ASX and Frankfurt Stock Exchange-listed PharmAust has unveiled encouraging initial results from the continuing phase IIb clinical trial of its anti-cancer drug, Monepantel on pet dogs suffering from B-cell lymphoma. The Perth-based company says the first five dogs who have undergone treatment with Monepantel across five participating test sites show “minimal side effects”.
ASX-listed PharmAust has unveiled some encouraging initial results from its continuing phase IIb clinical trials of its anti-cancer drug, Monepantel on pet dogs suffering from B-cell lymphoma. The Perth-based company says the first five dogs who have undergone treatment with Monepantel across five participating test sites show “minimal side effects”.
Lymphoma is a relatively common cancer diagnosed in dogs, with symptoms including enlarged lymph nodes, lethargy, weight loss and loss of appetite.
According to PharmAust, the side-effect levels seen in the trial to date have been below those of other conventional anti-cancer drugs and trial vets say the dogs have been in good spirits after four weeks of treatment.
Mild and occasional lack of appetite has been reported in some of the dogs, however, PharmAust says it appears insignificant and difficult to attribute solely to Monepantel.
The company says the owners of the five dogs that have completed the trial assessment have elected to continue treating their pets with Monepantel on “compassionate use” post-trial.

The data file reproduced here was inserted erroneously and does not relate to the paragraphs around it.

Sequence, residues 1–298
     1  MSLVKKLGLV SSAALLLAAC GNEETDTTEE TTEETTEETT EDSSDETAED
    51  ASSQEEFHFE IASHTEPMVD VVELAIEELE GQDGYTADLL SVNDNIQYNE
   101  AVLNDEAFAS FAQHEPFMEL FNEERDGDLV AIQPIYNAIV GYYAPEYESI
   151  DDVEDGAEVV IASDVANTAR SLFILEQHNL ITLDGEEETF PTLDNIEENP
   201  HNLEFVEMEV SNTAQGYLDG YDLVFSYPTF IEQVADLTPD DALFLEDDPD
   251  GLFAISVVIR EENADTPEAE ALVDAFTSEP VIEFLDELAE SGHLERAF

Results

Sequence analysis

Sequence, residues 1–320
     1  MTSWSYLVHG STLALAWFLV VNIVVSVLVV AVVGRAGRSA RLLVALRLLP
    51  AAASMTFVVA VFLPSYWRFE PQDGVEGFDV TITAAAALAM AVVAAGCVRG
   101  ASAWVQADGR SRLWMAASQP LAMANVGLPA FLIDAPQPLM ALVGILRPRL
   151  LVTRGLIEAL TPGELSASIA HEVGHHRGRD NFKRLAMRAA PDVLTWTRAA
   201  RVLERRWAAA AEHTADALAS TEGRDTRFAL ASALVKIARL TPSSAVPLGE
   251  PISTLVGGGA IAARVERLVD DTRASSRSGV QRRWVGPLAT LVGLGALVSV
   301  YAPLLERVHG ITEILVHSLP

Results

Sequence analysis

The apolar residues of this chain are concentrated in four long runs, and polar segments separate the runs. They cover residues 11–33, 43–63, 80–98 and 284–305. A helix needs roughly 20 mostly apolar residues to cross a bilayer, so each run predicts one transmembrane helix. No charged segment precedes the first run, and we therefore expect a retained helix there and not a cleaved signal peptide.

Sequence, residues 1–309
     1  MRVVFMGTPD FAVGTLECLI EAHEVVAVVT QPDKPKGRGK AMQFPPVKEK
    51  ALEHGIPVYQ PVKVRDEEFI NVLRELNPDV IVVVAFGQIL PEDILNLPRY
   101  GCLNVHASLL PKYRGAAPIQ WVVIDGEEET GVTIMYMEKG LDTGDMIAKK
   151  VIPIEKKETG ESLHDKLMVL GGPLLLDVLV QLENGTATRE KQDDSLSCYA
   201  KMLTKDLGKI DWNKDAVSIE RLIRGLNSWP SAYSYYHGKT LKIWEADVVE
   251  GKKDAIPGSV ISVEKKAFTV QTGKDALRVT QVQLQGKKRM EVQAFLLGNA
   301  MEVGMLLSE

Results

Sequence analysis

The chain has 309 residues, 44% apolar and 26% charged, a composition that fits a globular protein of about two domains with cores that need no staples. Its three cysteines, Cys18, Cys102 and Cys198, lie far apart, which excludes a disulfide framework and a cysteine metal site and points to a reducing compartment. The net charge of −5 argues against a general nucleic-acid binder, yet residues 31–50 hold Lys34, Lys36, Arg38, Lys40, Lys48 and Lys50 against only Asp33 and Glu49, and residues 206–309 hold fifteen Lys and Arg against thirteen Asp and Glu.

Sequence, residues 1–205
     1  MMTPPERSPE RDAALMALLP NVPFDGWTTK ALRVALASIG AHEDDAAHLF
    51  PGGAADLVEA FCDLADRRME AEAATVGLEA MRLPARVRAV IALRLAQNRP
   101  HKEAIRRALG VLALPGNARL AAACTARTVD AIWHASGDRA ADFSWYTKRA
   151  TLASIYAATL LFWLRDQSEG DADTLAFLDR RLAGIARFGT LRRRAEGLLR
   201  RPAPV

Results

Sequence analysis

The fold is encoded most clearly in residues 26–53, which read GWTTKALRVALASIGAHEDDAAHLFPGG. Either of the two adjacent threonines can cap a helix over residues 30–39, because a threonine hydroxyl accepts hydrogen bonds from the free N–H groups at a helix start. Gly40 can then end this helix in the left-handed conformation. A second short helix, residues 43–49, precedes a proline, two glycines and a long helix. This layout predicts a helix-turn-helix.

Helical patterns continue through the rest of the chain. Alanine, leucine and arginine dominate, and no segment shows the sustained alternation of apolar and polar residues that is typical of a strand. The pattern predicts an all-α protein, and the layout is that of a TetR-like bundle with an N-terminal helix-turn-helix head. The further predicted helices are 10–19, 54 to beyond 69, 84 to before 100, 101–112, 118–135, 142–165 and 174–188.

A further six pet dogs that did not meet the trial inclusion criteria are also being treated under compassionate use with Monepantel in varying combinations with other anti-cancer drugs.
PharmAust Chief Scientific Officer, Dr Richard Mollard said: “It is very satisfying to see minimal side effects after the observed inappetence during the first trial with the tablets. This gives PharmAust plenty of room to further Monepantel testing as a stand-alone therapy or in combination with other drugs in future larger trials.”
The principal investigator overseeing the phase IIb clinical trial, University of Melbourne Senior Lecturer (Oncology), Dr Claire Cannon said: “Monepantel is being well tolerated by the dogs in this study to date, with most dogs having no adverse events reported and those that were reported being mild.”
PharmAust says it intends carrying out an interim analysis of the trial outcomes so far to help evaluate Monepantel blood levels and target doses of the drug.
According to the company, its phase II trial of Monepantel on canines with B-cell lymphoma showed a regression of tumours and a stabilisation of the disease.
PharmAust says the phase IIb trial is still looking to recruit more dogs that have B-cell lymphoma.
Pet owners interested in enrolling their dogs in the trial are asked to contact a vet for a referral to their nearest trial centre, while vets who have queries about patient referrals or trial sites can contact Dr Mollard at firstname.lastname@example.org for assistance.
Vet clinics participating in the Monepantel program are the Animal Referral Hospital in Homebush, Sydney, the Animal Referral Hospital in Brisbane, Veterinary Specialist Services in Brisbane, Western Australian Veterinary Emergency and Specialties in Success, Perth and Perth Veterinary Specialists in Osborne Park, Perth.
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